Echocardiography Follow-Up Duration in Kawasaki Disease Patients

For a study, researchers sought to determine the best period of echocardiographic follow-up in individuals with Kawasaki illness who did not have an initial coronary aneurysm. They analyzed the outcomes of follow-up echocardiography in children with Kawasaki illness participating in a children’s hospital’s Prospective Observational Study on Stratified Treatment with Immunoglobulin Plus Steroid Efficacy for Kawasaki Disease. The absence of coronary aneurysms, defined as a maximum z-score (Zmax) of 2.5 in the proximal right coronary artery and the proximal left anterior descending artery within 9 days after therapy beginning, was the primary enrolment criterion. The primary outcome was Zmax at up to 5 years of follow-up echocardiography.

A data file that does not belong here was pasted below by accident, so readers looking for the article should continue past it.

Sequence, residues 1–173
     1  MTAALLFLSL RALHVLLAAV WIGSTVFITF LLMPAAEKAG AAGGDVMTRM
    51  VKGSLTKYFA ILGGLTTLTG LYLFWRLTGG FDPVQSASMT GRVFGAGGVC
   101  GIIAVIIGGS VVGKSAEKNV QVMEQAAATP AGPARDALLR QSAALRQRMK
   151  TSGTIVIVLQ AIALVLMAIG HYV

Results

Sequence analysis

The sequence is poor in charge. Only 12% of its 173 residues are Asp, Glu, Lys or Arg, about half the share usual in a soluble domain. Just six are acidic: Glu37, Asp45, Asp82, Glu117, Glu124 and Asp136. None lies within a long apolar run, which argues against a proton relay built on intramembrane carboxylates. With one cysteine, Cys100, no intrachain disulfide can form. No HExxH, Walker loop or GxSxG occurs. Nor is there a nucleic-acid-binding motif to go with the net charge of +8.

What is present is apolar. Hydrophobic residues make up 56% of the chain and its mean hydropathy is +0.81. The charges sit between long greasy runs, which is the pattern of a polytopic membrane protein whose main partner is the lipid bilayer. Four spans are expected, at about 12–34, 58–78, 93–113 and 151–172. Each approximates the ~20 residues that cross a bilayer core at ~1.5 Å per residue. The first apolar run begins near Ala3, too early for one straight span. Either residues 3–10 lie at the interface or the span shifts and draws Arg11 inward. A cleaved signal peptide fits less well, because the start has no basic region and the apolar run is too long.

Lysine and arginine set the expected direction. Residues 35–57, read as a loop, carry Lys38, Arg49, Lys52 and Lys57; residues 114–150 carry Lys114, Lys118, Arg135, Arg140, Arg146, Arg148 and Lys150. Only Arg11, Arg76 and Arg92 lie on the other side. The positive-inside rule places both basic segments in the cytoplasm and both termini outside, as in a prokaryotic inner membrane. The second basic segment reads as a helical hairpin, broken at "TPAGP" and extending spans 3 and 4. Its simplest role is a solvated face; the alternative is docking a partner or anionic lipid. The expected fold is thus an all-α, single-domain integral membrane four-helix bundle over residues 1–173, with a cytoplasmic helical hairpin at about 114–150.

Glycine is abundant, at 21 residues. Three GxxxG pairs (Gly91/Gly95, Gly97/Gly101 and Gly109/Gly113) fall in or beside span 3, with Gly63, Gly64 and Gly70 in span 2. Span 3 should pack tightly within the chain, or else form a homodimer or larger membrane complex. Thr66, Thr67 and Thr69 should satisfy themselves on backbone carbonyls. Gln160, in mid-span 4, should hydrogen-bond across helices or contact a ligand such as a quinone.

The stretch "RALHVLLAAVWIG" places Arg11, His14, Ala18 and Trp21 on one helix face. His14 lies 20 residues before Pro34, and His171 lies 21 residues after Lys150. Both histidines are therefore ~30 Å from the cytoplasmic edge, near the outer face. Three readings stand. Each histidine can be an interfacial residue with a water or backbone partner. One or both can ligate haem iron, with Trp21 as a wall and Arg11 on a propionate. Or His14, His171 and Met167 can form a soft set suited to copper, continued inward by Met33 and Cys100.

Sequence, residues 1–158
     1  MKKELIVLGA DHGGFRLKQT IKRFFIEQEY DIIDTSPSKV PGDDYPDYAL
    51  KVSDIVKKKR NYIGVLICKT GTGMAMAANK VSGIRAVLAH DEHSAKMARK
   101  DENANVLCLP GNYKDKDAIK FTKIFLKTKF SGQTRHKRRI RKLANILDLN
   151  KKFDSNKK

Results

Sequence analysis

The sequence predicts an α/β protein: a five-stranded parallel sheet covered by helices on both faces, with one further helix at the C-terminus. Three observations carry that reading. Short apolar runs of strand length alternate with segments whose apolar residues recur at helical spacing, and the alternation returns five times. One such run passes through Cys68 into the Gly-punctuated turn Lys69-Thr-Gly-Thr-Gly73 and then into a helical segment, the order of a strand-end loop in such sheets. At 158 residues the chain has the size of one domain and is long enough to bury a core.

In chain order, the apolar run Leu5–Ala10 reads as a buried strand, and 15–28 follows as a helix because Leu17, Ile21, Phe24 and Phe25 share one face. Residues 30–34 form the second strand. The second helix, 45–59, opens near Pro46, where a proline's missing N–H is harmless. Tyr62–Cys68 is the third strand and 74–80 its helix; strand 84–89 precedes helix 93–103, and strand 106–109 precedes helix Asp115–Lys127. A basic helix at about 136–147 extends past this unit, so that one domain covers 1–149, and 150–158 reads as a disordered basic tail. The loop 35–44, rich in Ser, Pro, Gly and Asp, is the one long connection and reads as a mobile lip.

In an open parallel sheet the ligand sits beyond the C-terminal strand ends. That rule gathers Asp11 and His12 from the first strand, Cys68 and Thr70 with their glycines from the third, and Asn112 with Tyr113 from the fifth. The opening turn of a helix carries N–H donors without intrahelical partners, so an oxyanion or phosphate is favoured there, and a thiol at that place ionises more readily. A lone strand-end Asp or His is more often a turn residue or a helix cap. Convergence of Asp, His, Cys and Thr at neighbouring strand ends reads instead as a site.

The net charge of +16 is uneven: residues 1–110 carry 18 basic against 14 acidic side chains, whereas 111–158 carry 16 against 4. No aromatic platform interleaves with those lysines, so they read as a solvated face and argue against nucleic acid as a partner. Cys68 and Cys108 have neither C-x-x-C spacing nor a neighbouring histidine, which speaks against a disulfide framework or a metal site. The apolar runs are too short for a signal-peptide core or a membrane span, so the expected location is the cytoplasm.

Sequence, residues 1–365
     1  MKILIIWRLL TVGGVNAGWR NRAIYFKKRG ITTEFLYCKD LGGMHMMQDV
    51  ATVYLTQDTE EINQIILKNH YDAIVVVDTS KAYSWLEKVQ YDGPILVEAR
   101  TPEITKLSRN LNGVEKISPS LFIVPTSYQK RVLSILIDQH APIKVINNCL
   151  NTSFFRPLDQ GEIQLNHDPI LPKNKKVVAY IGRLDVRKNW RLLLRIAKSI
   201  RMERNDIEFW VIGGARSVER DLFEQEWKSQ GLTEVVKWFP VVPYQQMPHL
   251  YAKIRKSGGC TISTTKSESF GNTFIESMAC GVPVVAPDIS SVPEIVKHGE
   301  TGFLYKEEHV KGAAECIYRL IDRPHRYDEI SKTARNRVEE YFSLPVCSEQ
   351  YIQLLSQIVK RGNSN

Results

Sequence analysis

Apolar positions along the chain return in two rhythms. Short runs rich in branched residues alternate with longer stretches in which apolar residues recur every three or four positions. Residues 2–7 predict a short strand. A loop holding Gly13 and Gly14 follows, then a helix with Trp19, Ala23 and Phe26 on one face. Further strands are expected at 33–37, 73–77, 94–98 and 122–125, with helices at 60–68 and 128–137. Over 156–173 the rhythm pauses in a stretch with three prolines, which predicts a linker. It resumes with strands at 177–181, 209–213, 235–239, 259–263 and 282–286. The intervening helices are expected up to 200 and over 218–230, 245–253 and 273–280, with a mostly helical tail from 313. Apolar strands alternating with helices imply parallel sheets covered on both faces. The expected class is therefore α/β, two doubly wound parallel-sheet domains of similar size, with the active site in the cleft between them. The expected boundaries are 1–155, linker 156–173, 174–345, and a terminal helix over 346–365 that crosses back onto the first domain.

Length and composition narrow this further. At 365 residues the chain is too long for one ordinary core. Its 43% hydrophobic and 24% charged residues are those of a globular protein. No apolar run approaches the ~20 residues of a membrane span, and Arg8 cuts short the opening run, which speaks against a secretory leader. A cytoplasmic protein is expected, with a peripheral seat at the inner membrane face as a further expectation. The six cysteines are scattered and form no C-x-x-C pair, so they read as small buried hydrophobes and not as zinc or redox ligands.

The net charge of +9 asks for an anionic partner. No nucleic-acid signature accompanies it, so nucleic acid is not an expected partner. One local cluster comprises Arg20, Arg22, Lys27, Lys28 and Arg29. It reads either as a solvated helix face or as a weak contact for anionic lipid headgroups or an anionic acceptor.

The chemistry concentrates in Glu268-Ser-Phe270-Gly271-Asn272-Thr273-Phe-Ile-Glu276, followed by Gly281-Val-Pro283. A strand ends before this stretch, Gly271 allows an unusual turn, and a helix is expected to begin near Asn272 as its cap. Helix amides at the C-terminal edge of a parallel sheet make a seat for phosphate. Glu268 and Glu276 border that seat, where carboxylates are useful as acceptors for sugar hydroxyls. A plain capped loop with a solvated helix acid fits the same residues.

Prednisolone with intravenous immunoglobulin was given to 106 (27.5%) of 386 patients as first-line treatment, and 57 (14.8%) had a poor response. At one month, echocardiography revealed 9 patients with a Zmax of 2, including 3 (0.8%) with coronary aneurysms requiring extra antithrombotic medication and monitoring. In addition, 7 patients (1.8%) with normal echocardiographic findings at 1 month but a Zmax 2 later were lost to follow-up, 5 achieved spontaneous resolution, and none required any therapy adjustment.

In individuals with no early coronary aneurysms and a Zmax 2 at 1 month, the best period of echocardiographic follow-up may be one month. Coronary artery anomalies found after 1 month are uncommon and usually benign in the patient population.

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